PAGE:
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Identifying and Choosing Evergreen Trees

As you looked out the windows of your house this winter at all the dormant and barren deciduous trees in your landscape, perhaps you thought that a little green would be a nice addition this year. But, remember that not every evergreen is a pine tree; some are spruces, firs, hemlocks, or yews. Let’s cover some basic conifer identification and some principles of selection for your landscape.

A conifer is a cone-bearing plant. Cones come in many shapes and sizes, and not every cone resembles the typical pine cone. Most conifers are evergreen trees, but a few are deciduous.

Pines have needles that are bundled together at their base by a papery sheath called a fascicle. Needles are typically in bundles of 2, 3, or 5. So, if you pull needles off a tree and they come off in multiple-needle bundles, it’s a pine tree.

Spruces have 4-sided or square-shaped needles. They are borne singly, not in bundles, on small wooden pegs on the limbs. When you roll a needle between your fingers, you will easily notice the square shape from the edges. Spruce needles are typically sturdy and more inflexible than pine needles.

Firs have soft, flattened needles attached directly to the branches via a structure resembling a small suction cup onto a circular, slightly raised pad. Other common conifers with flat needles include hemlock, yew, and bald cypress.

Three deciduous (they lose their needles every year) conifers you might find in Indiana include American larch (tamarack), bald cypress, and dawn redwood.

When choosing an evergreen for your landscape, I encourage you to do some research into the site preferences of each choice, including whether they like full sun or can tolerate shade, moisture and drainage preferences, soil conditions, and overall appearance. Consider whether it’s a native tree, and what the expected life span might be.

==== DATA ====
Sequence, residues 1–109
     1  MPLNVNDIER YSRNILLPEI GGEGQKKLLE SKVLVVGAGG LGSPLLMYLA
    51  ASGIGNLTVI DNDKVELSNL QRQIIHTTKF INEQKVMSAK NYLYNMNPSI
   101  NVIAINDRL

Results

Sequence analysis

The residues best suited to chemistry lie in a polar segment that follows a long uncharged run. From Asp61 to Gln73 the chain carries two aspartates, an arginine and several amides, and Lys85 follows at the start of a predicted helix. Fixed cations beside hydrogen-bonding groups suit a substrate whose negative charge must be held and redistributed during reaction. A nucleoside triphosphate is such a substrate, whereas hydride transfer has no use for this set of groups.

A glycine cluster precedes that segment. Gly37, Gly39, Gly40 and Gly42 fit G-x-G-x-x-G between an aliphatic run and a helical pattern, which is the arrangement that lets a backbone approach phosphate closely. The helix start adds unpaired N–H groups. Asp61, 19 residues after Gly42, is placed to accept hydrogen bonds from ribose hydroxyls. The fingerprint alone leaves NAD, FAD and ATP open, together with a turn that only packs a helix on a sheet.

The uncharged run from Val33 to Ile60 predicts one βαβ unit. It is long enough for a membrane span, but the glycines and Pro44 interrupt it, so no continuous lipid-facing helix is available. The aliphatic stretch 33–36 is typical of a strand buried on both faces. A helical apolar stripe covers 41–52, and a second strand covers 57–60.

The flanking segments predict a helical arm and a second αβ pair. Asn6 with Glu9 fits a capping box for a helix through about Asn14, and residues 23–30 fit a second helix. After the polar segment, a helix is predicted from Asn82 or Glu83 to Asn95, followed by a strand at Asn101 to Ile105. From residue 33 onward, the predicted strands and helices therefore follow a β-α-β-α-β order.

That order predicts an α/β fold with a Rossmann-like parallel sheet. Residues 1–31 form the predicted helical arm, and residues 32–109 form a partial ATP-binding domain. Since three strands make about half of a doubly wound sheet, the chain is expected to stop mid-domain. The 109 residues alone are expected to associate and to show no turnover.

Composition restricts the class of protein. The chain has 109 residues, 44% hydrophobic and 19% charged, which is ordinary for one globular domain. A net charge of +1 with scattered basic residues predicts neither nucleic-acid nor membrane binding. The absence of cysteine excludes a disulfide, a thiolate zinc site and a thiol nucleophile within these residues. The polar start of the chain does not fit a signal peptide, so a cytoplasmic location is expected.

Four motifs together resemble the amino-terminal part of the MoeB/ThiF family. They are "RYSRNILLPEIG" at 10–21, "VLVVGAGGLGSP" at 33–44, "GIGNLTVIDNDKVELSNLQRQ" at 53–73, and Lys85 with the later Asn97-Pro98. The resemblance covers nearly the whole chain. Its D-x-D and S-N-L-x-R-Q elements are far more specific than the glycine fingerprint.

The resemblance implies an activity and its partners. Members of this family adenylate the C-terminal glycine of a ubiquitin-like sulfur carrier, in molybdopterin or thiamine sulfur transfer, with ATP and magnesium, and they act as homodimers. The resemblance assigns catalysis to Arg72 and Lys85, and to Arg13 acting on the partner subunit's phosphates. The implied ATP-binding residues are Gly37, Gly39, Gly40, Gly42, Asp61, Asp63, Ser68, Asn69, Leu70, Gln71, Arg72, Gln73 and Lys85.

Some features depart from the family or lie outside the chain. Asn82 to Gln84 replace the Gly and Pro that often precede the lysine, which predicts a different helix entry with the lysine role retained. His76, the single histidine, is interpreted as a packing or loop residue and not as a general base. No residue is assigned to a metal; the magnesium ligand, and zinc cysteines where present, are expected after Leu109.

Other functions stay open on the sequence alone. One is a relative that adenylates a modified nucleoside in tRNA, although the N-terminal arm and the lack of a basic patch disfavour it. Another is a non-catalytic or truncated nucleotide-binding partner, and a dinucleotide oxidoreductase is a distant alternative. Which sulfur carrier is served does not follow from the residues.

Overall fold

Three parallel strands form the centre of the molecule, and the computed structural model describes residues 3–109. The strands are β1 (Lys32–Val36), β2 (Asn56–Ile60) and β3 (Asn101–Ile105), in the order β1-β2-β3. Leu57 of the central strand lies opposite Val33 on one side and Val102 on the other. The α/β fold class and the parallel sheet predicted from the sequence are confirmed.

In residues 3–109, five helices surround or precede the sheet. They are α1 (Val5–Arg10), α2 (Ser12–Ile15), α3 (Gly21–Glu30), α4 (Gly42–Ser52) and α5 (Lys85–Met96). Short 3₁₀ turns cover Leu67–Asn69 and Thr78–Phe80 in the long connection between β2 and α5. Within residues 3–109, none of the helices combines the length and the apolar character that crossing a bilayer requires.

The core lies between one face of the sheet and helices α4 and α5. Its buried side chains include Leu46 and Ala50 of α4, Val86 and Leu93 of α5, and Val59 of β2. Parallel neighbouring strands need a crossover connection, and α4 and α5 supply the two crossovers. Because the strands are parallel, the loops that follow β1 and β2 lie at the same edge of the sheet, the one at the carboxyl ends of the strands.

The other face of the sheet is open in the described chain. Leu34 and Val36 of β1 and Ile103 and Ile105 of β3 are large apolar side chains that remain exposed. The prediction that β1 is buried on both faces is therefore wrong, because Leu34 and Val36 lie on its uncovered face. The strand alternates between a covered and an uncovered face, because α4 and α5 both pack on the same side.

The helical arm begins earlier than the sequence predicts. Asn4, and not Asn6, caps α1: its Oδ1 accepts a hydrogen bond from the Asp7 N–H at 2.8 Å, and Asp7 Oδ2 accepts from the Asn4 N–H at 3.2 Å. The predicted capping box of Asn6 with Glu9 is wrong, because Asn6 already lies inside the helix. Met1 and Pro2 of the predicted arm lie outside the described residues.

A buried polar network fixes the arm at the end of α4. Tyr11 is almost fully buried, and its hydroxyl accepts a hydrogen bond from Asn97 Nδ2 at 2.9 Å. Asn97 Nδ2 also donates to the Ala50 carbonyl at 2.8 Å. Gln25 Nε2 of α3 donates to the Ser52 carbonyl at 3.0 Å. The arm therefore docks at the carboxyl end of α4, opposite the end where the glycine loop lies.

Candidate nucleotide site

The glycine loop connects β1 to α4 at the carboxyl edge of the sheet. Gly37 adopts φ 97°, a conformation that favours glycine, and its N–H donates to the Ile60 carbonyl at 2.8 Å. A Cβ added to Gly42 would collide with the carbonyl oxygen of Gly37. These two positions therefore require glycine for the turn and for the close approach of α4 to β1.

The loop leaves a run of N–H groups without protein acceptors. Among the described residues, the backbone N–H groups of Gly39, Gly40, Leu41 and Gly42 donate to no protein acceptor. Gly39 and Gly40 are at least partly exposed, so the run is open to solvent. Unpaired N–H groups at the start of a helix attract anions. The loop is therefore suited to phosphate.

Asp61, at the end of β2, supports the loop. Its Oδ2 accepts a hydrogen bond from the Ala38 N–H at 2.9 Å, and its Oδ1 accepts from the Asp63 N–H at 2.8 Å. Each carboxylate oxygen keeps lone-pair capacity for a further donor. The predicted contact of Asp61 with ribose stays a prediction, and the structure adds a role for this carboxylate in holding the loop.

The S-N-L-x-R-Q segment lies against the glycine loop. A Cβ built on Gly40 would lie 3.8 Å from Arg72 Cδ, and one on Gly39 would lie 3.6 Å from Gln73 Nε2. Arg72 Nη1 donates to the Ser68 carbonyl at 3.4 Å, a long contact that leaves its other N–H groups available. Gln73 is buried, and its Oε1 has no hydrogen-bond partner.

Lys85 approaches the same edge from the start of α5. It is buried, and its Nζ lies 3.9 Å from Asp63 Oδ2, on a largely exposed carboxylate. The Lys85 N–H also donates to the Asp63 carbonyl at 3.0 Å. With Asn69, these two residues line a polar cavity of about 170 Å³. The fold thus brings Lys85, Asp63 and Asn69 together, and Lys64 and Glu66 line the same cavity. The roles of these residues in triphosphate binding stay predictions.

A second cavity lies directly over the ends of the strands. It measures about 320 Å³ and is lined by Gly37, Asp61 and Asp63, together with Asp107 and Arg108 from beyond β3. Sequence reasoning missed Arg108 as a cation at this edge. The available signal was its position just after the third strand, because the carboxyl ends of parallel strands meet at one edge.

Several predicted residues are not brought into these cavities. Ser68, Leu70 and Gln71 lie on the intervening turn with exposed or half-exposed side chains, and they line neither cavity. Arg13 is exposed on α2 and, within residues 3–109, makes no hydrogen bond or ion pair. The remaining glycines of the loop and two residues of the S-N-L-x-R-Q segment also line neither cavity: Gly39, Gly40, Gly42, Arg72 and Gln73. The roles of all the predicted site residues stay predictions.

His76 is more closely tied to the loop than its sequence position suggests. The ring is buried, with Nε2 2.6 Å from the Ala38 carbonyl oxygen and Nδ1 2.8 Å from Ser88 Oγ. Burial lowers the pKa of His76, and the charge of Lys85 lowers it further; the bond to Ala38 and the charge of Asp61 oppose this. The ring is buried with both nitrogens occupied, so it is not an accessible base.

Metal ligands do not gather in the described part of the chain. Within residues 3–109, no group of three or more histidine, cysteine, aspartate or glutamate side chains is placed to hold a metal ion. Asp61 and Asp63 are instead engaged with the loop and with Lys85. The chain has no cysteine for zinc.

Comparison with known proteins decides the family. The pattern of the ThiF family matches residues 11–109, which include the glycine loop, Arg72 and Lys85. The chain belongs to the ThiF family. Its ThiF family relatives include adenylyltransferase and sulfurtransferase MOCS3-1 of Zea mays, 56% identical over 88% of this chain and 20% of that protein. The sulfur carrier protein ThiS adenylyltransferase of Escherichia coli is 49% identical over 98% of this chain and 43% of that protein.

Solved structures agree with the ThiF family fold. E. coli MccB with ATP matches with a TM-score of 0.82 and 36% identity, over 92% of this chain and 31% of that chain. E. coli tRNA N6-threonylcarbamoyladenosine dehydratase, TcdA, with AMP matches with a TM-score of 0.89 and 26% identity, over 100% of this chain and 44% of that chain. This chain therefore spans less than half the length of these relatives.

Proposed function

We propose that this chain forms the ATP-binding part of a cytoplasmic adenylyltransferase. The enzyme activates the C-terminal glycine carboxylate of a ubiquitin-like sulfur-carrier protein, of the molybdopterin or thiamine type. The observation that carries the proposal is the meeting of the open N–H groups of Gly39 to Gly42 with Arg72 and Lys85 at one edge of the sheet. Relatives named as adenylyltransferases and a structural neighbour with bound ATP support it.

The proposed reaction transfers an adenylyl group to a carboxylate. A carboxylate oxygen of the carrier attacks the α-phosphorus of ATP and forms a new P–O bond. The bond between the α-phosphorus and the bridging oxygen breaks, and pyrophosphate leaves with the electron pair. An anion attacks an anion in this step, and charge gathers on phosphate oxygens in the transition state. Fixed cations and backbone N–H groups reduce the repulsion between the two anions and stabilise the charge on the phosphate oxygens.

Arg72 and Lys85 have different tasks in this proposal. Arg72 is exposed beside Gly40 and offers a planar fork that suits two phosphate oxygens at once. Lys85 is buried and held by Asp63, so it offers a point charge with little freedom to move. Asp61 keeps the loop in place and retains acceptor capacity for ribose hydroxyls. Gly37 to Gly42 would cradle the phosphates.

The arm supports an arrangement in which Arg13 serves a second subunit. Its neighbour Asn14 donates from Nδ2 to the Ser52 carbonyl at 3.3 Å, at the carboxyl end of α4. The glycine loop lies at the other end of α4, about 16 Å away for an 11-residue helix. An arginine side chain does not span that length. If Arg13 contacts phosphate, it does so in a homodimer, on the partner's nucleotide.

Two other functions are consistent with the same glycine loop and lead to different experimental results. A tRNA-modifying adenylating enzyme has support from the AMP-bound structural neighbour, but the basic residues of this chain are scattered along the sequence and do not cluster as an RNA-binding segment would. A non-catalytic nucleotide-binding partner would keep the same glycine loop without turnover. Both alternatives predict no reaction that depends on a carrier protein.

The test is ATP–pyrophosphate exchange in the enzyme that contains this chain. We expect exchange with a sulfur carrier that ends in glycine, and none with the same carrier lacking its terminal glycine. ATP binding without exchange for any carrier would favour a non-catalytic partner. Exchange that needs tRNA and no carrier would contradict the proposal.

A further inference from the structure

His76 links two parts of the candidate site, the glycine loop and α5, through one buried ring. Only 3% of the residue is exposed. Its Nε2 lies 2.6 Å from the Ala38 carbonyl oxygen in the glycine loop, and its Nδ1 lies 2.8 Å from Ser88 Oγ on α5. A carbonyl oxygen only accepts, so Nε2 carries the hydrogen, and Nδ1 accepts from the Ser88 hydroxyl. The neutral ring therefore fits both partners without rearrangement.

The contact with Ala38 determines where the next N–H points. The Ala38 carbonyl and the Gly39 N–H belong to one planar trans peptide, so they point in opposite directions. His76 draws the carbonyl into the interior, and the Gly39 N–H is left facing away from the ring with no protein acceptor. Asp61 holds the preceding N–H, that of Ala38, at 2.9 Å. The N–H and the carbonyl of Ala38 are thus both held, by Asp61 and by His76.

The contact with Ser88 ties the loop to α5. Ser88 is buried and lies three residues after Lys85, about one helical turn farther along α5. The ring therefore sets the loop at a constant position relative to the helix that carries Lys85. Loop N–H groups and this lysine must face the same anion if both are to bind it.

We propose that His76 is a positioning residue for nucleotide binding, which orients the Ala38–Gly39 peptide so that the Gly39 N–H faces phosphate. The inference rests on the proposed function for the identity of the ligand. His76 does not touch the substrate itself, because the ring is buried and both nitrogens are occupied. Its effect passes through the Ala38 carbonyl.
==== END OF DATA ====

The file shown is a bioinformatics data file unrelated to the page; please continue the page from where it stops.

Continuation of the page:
Conifers that are native to Indiana comprise a fairly short list. They include eastern redcedar, jack pine, eastern white pine, Virginia pine, Northern white-cedar (arborvitae), eastern hemlock, tamarack, and bald cypress. However, the last two are not evergreens. Note also that some of these trees are only truly native to very small locales within Indiana.

Eastern redcedar is by far our most common and widespread native conifer in Indiana, and it will grow on a wide range of soil types. Some could argue that it is not the most attractive landscape tree (and I would agree), but beauty is in the eye of the beholder. It has wildlife benefits, especially for native songbirds and small mammals.

Conspicuously absent from the list of native trees are the spruces. Colorado blue spruce is a popular choice among homeowners, but as a non-native, it is not a long-lived species in Indiana. It is susceptible to fungal diseases and other stresses. In my visits to local homeowners, I have commonly found this tree suffering from Rhizosphaera needlecast disease. Norway spruce or white spruce may be better alternatives if you want a spruce tree.

Firs are more common in northern U.S. states, but if you want a fir tree, I’d first try white (concolor) fir.

If you have partial shade in your expected planting location, eastern hemlock would be one of your better choices.

Other evergreens are commonly planted in Indiana, but also may experience a shorter-than-normal life span due to several stressing factors.  

For suggestions on certain landscape trees to consider, access Purdue Extension’s publication entitled, Tree Selection for the “Un-natural” Environment, available at the Education Store, The resource includes deciduous and evergreen choices.

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